While creators of classic games often seem more than content to keep repackaging and reselling you the same software with little in the way of improvement, others are eager to add new features and quality of life improvements which can improve the overall experience, rather than, say, playing the game for you. A number of these improvements, such as save states, were popularized if not outright pioneered by hackers and homebrewers before being co-opted and implemented by larger organizations.

As such, looking at what hackers are doing today might give us an idea of new ways to play classic games in the future.

One such instance comes in the case of Gradius III. Released for the Super Nintendo Entertainment System in 1991 as a launch title for the new platform, it bore impressive visuals but suffered from extreme slowdown. This relegated it to something of a curiosity more than a true standout among the system’s library.

Enter: Vitor Vilela, ROM hacker from Brazil, who has created a patch which eliminates the slowdown which plagued the original release:

Following “three months of researchment [sic], disassembly, code analysis, memory remapping, and code editing,” Vitor has found a way to utilize the SA-1 chip found in some later Super NES releases to create a version of the game which runs two to three times faster than the 1991 original. Of course, the improved running speed does come at a cost — the game is now quite a bit more difficult, and it was no slouch to begin with.

While gameplay is one way hackers can punch up a classic title, there are also ways to improve on the visual side of things without losing too much of the game’s original appeal.

The introduction of the Super NES’s seventh graphics mode, aptly named “Mode 7,” opened up a world of possibilities to developers at the time. Thanks to this feature, they could create a variety of 3D effects with various forms of zooming and scaling, elevating the platform well above its 8-bit predecessor in a way more colors and better sound couldn’t do.

Unfortunately, it wasn’t quite perfect. While the function would allow for images to be manipulated in new ways that could augment gameplay, it came at the cost of those same visuals being a bit rougher around the edges.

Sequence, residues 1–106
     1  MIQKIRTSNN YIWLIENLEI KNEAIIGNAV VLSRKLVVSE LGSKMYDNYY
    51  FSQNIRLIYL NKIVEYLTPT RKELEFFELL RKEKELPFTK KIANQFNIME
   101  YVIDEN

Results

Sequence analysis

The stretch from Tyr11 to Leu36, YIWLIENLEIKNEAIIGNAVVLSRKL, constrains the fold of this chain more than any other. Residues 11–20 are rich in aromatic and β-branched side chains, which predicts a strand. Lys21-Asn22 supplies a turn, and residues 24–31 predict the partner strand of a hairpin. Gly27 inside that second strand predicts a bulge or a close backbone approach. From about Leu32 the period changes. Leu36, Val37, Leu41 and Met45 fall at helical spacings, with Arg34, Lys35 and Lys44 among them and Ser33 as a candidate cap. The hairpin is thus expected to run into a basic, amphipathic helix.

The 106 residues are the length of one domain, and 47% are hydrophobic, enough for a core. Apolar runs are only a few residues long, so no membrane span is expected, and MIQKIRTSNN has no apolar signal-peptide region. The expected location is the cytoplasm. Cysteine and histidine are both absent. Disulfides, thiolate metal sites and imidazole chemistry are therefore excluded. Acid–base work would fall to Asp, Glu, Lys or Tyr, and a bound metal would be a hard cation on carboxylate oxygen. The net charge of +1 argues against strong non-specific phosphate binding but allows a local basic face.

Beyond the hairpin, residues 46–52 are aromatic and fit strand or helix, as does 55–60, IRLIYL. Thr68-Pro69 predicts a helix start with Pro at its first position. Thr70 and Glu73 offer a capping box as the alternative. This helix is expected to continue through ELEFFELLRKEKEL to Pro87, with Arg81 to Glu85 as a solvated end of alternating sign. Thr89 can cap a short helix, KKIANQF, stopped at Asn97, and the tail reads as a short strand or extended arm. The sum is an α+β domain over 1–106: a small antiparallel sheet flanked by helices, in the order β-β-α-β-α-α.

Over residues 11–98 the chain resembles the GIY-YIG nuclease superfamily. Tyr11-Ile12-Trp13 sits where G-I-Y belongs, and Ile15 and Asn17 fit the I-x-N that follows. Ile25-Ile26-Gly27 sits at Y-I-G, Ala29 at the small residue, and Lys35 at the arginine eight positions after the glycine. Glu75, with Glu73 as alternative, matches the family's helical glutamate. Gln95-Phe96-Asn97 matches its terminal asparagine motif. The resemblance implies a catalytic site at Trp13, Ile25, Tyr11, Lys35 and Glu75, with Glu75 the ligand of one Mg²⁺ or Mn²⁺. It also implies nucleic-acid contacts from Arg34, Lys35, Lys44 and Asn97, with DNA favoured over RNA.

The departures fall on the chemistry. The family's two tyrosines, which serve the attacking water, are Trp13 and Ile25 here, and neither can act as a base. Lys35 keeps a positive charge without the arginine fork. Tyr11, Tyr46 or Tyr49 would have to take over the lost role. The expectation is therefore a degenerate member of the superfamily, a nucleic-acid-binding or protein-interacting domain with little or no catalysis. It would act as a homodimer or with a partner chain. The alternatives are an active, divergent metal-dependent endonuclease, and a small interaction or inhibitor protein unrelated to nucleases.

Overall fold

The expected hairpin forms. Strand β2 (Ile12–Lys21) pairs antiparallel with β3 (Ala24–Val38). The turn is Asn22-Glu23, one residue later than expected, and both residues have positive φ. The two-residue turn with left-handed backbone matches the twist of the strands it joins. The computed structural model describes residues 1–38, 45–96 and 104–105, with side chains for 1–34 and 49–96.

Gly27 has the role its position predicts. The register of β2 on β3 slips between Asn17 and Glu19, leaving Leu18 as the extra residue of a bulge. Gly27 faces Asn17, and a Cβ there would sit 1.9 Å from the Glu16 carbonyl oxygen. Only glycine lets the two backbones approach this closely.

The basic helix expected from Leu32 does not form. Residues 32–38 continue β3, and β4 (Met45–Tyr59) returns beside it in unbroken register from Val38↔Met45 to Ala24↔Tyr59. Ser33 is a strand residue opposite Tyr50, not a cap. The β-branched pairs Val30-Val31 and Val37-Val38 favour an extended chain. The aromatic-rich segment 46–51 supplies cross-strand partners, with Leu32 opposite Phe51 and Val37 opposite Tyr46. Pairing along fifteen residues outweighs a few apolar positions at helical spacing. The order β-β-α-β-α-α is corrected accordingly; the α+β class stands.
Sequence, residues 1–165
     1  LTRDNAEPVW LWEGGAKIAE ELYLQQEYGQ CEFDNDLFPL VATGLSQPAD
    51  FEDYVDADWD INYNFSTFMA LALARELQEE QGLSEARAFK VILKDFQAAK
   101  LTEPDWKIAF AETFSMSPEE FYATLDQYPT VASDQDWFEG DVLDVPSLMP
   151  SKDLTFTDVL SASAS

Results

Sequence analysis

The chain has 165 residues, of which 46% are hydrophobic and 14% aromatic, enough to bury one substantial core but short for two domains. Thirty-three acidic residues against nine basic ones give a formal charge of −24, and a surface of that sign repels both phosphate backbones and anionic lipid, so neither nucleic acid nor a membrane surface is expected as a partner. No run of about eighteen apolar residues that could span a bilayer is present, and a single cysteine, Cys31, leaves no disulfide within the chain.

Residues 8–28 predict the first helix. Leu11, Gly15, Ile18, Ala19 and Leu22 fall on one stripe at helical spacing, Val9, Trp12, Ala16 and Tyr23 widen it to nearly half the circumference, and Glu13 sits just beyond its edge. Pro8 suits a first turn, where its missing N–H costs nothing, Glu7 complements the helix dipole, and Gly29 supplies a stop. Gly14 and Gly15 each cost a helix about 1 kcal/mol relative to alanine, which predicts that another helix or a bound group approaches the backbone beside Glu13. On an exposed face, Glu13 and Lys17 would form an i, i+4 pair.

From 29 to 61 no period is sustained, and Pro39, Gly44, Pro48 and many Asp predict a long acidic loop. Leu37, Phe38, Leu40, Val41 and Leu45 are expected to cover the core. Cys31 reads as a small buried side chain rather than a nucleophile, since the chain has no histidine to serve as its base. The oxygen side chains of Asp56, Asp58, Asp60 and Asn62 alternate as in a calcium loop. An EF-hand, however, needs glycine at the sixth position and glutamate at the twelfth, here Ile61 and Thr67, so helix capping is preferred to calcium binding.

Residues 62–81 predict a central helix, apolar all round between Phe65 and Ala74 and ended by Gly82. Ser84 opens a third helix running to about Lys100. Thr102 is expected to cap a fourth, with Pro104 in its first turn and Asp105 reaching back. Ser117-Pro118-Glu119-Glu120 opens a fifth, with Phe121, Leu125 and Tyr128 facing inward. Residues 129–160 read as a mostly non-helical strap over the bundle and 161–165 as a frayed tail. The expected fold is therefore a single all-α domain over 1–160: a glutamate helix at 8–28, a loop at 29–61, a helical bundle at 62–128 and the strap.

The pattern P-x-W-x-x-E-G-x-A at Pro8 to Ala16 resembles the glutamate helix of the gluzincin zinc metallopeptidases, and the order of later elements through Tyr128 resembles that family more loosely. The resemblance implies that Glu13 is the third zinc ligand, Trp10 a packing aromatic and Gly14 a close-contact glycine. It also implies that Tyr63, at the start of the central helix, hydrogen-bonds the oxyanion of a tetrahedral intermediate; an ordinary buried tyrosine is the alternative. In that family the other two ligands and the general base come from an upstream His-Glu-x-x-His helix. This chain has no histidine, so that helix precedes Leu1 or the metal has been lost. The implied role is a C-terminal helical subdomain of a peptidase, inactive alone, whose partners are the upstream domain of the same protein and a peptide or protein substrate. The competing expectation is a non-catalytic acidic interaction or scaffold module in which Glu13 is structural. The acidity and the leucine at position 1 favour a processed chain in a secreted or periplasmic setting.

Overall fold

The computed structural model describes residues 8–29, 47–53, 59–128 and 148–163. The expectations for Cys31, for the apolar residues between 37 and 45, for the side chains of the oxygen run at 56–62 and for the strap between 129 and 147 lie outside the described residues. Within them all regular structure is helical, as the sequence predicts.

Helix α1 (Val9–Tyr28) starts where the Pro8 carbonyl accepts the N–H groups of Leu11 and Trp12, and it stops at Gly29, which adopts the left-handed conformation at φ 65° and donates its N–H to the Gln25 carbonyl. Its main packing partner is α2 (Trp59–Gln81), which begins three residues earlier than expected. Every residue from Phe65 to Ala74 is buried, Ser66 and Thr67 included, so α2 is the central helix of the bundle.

A modder by the name of DerKoun has released a patch for the bsnes emulator that is capable of smoothing out those visuals significantly, creating an experience that should be much more pleasing to the eye:

Whereas edges were rougher and details would flicker in and out, the new patch makes the portion of the background that is in Mode 7 crisper and cleaner than ever before, while leaving other pixel artwork as it was originally intended. According to DerKoun, the patch “performs Mode 7 transformations… at up to 4 times the horizontal and vertical resolution” of the original Mode 7 found in the official hardware.

What’s more, unlike the upscaling techniques used for other retro consoles such as the Nintendo 64, which often involves the use of hand-drawn texture packs made for high resolution, this patch doesn’t mess with the original assets at all. “No artwork has been modified,” said DerKoun, and if you’re interested in the technical aspect of how this all works, be sure to check the links below.

With this lies the question: Are the changes good?

While I am a believer in game preservation, I don’t believe that the classics are untouchable. At the same time, I feel that choice is key: While I would love to replay some Super NES favorites in a new light, I feel there’s always a place for the original for historical purposes. On a more drastic sale, Nintendo is remaking the Game Boy title The Legend of Zelda: Link’s Awakening for the Nintendo Switch, and (graphics debates aside) while it seems they’re aiming for a block-for-block recreation, I feel that not maintaining the availability of the original 8-bit title would be a grave mistake.

Perhaps a better example is Konami’s recent Castlevania Requiem, which features the retranslated and redubbed version of Castlevania: Symphony of the Night. While I do appreciate the new version, I still feel the original should have been an option in that collection as well, for purists and fans alike.

But what do you think? Would you welcome improvements such as these in new official releases, or do you think they should be left alone, enjoyed or despised on their original merits?

News Credit: Ars Technica (1, 2)

David Oxford David Oxford (113 Posts)

Lover of fine foods and felines, as well as comics, toys, and... oh yeah, video games. David Oxford has written about the latter for years, including for Nintendo Power, Nintendo Force, Mega Visions, and he even wrote the book on Mega Man!